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The Big Year
A lot or a little?
The parents' guide to what's in this movie.
What parents need to know
Parents need to know that this good-natured comedy about birding enthusiasts may initially disappoint fans expecting the usual shtick from co-stars Jack Black and Owen Wilson. But they'll get over it, because what's left is an offbeat, gentle, but still hilarious movie about finding your bliss ... with balance. (There's lots to learn about birds, too.) Although the movie is rated PG, and the content is mild overall -- there's some swearing (including "s--t") and some sexual references -- this movie is more likely to appeal to older tweens, teens, and adults than younger kids.
- Parents say
- Kids say
What's the story?
Contractor Ken Bostick (Owen Wilson) holds the record for a so-called "big year" in bird watching, having spotted 732 feathered species around the globe. He's anxious to preserve his place as birding king, even if it means forgoing baby-making duties with his wife (Rosamund Pike). But the competition is breathing down his neck, namely amiable Brad Harris (Jack Black), a computer techie with a big heart, a disapproving dad (Brian Dennehy), and an ever-supportive mom (Dianne Wiest). Brad can barely afford to try for the record, but he wants to anyway. And then there's mogul Stu Preissler (Steve Martin), who decides it's really, truly, finally the time to retire so that he can indulge in his favorite pastime -- and make birding history, too. Competition, hilarity, and, in some cases, lifelong friendship ensue.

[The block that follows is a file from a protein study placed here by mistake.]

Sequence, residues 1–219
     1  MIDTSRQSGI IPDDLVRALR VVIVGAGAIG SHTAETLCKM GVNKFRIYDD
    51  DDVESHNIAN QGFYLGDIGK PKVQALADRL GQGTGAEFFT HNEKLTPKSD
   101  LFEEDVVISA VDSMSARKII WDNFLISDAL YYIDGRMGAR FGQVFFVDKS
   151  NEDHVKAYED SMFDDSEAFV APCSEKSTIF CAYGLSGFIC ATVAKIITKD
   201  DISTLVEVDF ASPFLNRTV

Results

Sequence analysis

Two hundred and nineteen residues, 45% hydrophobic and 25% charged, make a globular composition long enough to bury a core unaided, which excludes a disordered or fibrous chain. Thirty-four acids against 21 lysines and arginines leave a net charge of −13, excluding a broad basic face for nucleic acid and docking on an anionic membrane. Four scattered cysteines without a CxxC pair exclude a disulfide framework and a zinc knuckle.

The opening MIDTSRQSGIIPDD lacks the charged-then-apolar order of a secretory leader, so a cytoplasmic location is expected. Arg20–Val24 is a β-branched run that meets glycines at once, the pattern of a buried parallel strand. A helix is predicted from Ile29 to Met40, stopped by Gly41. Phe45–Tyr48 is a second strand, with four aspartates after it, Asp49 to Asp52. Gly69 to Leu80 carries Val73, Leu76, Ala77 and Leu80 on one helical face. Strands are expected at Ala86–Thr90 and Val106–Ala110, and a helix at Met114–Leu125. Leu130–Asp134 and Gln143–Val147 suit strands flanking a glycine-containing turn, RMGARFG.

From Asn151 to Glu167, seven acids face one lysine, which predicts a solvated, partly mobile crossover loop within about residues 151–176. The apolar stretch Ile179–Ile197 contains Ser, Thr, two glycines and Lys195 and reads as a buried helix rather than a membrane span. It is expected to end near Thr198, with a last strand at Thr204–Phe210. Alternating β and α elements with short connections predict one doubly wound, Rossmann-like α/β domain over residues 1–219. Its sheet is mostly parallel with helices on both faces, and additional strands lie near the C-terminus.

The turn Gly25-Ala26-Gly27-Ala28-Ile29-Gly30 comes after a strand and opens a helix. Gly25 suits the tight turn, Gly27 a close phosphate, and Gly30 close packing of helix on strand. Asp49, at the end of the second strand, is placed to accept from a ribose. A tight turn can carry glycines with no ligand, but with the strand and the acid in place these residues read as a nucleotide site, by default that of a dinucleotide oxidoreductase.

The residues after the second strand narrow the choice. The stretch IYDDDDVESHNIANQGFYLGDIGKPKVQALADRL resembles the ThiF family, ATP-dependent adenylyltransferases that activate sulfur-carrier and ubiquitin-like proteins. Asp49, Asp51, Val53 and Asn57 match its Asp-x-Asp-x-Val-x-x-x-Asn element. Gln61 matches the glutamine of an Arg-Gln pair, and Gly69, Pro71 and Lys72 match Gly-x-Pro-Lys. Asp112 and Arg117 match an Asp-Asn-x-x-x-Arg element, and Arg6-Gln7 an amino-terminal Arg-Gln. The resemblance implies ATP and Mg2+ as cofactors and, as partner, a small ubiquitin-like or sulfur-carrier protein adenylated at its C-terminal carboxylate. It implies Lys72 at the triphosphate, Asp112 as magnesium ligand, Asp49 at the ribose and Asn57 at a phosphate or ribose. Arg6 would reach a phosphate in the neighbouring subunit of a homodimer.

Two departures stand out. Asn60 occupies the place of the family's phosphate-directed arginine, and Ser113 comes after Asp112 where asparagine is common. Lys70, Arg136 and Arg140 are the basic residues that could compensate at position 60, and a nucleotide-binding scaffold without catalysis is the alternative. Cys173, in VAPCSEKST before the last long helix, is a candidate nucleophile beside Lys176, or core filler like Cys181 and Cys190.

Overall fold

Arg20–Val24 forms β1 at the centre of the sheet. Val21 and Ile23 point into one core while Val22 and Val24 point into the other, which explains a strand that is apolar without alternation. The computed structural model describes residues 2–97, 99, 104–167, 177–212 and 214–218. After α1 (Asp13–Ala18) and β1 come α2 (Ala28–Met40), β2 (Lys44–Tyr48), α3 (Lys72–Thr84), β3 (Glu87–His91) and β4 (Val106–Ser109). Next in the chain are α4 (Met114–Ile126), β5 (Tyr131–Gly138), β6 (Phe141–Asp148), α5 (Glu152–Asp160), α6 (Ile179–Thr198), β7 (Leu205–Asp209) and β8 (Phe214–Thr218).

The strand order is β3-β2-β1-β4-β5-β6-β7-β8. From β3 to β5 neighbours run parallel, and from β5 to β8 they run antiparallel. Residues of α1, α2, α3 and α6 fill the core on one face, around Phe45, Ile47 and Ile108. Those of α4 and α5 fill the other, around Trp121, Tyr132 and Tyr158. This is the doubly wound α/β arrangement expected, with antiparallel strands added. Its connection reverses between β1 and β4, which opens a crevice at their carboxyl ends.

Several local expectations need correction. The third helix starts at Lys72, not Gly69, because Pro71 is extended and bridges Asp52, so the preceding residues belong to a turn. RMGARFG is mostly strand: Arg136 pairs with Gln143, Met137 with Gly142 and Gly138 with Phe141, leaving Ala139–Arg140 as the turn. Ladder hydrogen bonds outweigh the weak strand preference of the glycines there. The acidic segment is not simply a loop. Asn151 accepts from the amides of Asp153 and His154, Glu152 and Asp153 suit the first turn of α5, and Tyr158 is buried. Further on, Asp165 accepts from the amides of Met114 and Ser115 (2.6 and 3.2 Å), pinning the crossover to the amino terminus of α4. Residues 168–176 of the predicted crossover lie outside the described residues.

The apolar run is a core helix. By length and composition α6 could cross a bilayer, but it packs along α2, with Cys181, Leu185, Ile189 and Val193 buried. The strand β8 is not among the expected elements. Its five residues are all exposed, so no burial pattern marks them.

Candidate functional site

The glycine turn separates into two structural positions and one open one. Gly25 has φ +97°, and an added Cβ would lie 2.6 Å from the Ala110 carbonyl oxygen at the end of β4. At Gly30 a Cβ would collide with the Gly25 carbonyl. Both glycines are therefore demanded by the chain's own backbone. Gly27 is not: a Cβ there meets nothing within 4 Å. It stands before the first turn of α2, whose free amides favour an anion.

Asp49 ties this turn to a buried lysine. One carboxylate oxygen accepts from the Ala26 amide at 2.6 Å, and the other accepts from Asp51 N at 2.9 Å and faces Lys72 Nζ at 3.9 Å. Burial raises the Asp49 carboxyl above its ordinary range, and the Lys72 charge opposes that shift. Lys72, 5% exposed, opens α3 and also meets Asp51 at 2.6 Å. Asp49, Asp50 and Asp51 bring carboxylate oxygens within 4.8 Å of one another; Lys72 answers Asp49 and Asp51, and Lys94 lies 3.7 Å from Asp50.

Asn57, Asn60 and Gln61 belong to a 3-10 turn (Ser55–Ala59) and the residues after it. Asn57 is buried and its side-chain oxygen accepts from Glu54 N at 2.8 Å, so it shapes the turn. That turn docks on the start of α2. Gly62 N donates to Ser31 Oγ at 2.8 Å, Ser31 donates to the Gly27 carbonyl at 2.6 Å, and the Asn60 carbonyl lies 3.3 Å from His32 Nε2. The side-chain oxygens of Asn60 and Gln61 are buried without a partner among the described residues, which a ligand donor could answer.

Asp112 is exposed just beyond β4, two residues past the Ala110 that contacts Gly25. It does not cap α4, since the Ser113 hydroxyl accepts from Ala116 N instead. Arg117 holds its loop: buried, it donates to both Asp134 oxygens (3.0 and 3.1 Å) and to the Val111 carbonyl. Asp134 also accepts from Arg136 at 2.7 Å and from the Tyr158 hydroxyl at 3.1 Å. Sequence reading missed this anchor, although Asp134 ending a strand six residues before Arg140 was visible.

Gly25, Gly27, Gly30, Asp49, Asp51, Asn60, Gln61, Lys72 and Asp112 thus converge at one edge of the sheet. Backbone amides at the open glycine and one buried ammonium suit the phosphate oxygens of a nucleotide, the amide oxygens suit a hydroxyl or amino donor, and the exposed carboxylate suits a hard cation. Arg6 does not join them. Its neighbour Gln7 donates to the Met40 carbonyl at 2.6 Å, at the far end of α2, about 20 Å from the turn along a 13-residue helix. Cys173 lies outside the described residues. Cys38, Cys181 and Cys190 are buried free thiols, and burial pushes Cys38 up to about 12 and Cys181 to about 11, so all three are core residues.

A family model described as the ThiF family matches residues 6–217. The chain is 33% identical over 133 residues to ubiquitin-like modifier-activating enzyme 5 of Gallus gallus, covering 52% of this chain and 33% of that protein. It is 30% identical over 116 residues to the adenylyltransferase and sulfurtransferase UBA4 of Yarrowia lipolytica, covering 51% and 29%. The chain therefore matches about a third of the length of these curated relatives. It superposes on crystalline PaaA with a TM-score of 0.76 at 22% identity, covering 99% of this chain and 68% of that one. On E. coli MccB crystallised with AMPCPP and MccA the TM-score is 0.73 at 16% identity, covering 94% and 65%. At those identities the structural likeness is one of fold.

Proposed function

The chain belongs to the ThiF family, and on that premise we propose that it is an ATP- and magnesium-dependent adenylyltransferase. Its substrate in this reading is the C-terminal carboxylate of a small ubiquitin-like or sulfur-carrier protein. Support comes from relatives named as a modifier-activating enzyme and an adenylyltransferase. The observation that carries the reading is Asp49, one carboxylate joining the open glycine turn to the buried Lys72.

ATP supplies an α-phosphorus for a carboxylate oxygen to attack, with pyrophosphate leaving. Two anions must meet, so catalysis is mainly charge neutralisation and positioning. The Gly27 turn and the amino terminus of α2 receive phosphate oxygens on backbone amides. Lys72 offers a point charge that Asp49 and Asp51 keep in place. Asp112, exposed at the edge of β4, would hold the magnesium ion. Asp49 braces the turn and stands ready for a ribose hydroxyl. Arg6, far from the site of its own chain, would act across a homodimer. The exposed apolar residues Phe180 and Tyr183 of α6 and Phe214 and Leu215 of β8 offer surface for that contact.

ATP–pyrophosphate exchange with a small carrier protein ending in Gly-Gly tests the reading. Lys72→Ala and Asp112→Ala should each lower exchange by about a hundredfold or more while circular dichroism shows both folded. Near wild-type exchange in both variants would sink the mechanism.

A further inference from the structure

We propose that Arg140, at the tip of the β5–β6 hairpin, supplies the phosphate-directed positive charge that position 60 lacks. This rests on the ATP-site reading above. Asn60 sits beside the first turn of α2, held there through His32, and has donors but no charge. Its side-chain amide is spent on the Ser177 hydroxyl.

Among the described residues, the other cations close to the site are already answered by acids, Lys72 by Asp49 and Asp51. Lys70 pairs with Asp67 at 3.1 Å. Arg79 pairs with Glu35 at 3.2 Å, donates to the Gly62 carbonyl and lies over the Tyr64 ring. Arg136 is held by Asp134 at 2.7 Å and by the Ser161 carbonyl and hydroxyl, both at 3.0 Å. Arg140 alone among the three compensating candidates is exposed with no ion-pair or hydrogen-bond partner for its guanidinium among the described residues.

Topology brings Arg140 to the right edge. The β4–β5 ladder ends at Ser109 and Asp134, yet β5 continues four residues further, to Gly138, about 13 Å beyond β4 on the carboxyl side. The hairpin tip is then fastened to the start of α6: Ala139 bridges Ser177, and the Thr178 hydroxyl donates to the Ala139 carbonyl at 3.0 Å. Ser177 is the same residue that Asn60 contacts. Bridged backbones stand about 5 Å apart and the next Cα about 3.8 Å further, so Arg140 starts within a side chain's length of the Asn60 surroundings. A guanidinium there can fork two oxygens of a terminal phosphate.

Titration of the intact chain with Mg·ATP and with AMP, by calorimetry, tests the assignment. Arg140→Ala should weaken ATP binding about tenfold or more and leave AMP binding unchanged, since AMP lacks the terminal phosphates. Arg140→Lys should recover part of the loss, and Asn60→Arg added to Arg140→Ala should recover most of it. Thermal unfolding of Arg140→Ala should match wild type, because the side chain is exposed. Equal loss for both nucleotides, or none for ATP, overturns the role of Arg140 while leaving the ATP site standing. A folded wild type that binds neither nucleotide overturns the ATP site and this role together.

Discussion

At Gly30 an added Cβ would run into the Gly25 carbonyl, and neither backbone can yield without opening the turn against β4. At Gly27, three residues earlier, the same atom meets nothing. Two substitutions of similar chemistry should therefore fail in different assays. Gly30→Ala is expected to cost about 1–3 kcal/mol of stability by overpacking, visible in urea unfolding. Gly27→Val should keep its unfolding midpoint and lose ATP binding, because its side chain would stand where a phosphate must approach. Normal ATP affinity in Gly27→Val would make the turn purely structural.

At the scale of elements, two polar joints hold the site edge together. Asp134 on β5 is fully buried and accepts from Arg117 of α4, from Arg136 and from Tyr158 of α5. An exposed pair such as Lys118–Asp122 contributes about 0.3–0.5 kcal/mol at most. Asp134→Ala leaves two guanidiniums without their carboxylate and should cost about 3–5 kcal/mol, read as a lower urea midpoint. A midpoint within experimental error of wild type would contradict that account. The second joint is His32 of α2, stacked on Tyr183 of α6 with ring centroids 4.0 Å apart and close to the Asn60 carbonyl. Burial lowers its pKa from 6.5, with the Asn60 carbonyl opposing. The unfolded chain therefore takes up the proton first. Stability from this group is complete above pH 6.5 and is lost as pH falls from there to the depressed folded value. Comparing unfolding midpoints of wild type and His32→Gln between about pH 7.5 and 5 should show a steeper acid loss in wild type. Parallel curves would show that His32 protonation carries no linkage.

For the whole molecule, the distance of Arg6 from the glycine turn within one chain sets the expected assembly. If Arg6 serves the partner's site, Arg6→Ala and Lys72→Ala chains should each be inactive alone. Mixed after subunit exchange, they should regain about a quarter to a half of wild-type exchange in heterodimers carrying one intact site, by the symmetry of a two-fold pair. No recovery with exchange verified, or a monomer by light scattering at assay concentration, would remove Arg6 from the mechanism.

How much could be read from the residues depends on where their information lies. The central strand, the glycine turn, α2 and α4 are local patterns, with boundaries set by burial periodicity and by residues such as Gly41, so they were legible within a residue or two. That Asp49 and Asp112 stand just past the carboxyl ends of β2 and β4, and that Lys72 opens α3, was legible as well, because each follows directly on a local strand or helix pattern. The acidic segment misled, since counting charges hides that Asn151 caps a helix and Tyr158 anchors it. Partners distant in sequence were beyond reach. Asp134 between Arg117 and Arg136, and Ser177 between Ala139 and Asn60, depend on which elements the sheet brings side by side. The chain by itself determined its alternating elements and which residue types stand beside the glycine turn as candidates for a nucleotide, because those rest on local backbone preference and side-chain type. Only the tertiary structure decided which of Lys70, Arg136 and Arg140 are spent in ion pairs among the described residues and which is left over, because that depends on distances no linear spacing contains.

Is it any good?
It's hard to imagine Jack Black and Owen Wilson in a quiet movie (Steve Martin is less of a stretch), but here they are. The title is a decoy, really; though THE BIG YEAR could have gone big (and gone home as yet another obnoxiously loud film), it instead delivers subtlety and soul. So what if it's not laugh-out-loud funny? Yes, it could have used a few more major moments, and the competition could have been amped up for deeper laughs. But what we get instead isn't a bird of the same feather; instead, it's one that -- wait for it -- soars.
In all earnestness, expect to be surprised at how educational The Big Year feels (just wait for the scene showing how the bald eagle mates). But what differentiates the movie from a National Geographic special are its three leads, all of whom exhibit exquisite control over their comedic gifts. They've each found a way to mute (in a good way) their individual sensibilities -- Black's rocker-in-your-face-ness, Martin's sometimes too-cosmopolitan wit, and Wilson's aw, shucksness -- that, when let loose, sometimes overwhelm. Sure, each character's romantic counterparts seem incidental, and the film occasionally borders on identity disorder with its travelogue elements (did we really need to see quite so many countries and cities?). Otherwise, it's a delight.
Talk to your kids about ...
Families can talk about the movie's messages. What is it saying about friendship? About competition?
How does the movie handle each character's obsession? Is it an accurate depiction of how a hobby can consume? Have you ever had an interest that "took over"?
How does this movie compare to the stars' other films? Who do you think it's most likely to appeal to? Why?
Themes & Topics
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Common Sense Media's unbiased ratings are created by expert reviewers and aren't influenced by the product's creators or by any of our funders, affiliates, or partners.